Life plan communities have a number of opportunities ahead of them, and many challenges to boot. But until certain factors change, stability may be the best the sector can hope for.
That’s according to Margaret Johnson, senior director for life plan communities and senior lead at Fitch Ratings. On a webinar Thursday, Johnson said that although things aren’t necessarily getting worse for life plan communities in 2024, they also aren’t getting better.
“LPCs still face a number of considerable headwinds heading into 2024,” Johnson said.
In 2023, Fitch Ratings downgraded the outlook of seven life plan communities to “negative,” an increase compared to the two communities that received such downgrades the previous year.
Among the factors leading to the deteriorating outlook are cost inflation of supplies and workforce costs and higher interest rates than in recent years. Volatility in the housing sector is another potential landmine given that many residents use home sales to fund their move into senior housing.
According to Johnson, payrolls are below pre-pandemic levels and year-over-year hourly earnings growth is above historical averages. That affects life plan communities with higher exposure to skilled nursing, given the staffing involved in that setting. But life plan communities without substantial skilled exposure also will feel the pain of persistent higher wages.
Life plan communities do have the ability to shift their unit mixes in favor of changing times, particularly by taking skilled nursing beds offline to adjust staffing levels, Johnson said. Life plan communities also can pass rate increases to residents to offset their increased costs.
“The one big bright spot of the sector that we think will continue to drive demand and keep LPCs occupied are the demographics,” Johnson said. “The LPC model of communal living has a distinct competitive advantage over aging at home and other models of senior living. And this is especially in light of a recent surgeon general advisory about the negative health impacts of loneliness and isolation, especially among seniors.”
The life plan model, she said, appeals in particular to the baby boomer generation. Ongoing demographic shifts could push the sector into a more positive outlook, but in order for that to happen there has to be a “significant stabilization” of the availability of workers, how much they are paid and in housing prices.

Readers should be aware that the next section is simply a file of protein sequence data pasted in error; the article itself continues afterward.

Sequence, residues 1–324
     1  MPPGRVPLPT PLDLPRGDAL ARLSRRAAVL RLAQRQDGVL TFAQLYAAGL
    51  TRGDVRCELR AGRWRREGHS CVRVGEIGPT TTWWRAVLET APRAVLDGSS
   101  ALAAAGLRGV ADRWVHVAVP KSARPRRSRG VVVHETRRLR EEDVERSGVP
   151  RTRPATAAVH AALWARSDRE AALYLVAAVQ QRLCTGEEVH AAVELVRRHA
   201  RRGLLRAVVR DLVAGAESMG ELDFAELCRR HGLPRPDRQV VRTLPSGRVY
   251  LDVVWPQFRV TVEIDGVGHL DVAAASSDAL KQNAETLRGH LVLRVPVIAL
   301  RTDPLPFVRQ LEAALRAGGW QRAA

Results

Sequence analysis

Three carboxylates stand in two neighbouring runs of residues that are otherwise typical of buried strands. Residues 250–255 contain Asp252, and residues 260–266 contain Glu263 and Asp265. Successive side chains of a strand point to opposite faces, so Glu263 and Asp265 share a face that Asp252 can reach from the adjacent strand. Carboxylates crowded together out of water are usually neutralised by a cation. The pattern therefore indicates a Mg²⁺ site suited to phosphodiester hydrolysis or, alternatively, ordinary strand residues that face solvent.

“The best we can probably hope for the sector is it’s stable,” Johnson said. “Even with supportive demographics, there does come a point where LPCs become unaffordable and uncompetitive from a price standpoint.”
She added: “Given the wealth indicators we’re looking at I don’t think we’re there just yet, which in turn will start to affect occupancy, which is the engine that drives the ship.”
However, the industry as a whole is resilient, Johnson said, especially if it can survive through the Covid pandemic and still generate demand and occupancy.
What could hold LPCs back are the opportunity costs of “not being able to fully meet the demand” due to construction and capital limitations. Some operators may forego expansions given the volatility of such costs, imperiling their ability to innovate and grow.
Despite the headwinds, the fact that the industry has favorable demographics ahead, coupled with the fact that it has “only hit the tip of the iceberg” when it comes to mergers and acquisition opportunities and affiliations, are reasons for optimism, she said.
Life plan communities’ ability to attract older adults belonging to the incoming baby boomer generation is going to depend on their locations, especially given that they often cater to niche markets, Johnson said. Regions such as Washington and Seattle tend to be “younger” cities, causing a lower demand for LPCs, whereas Pennsylvania is “always a stalwart” for demand, she added.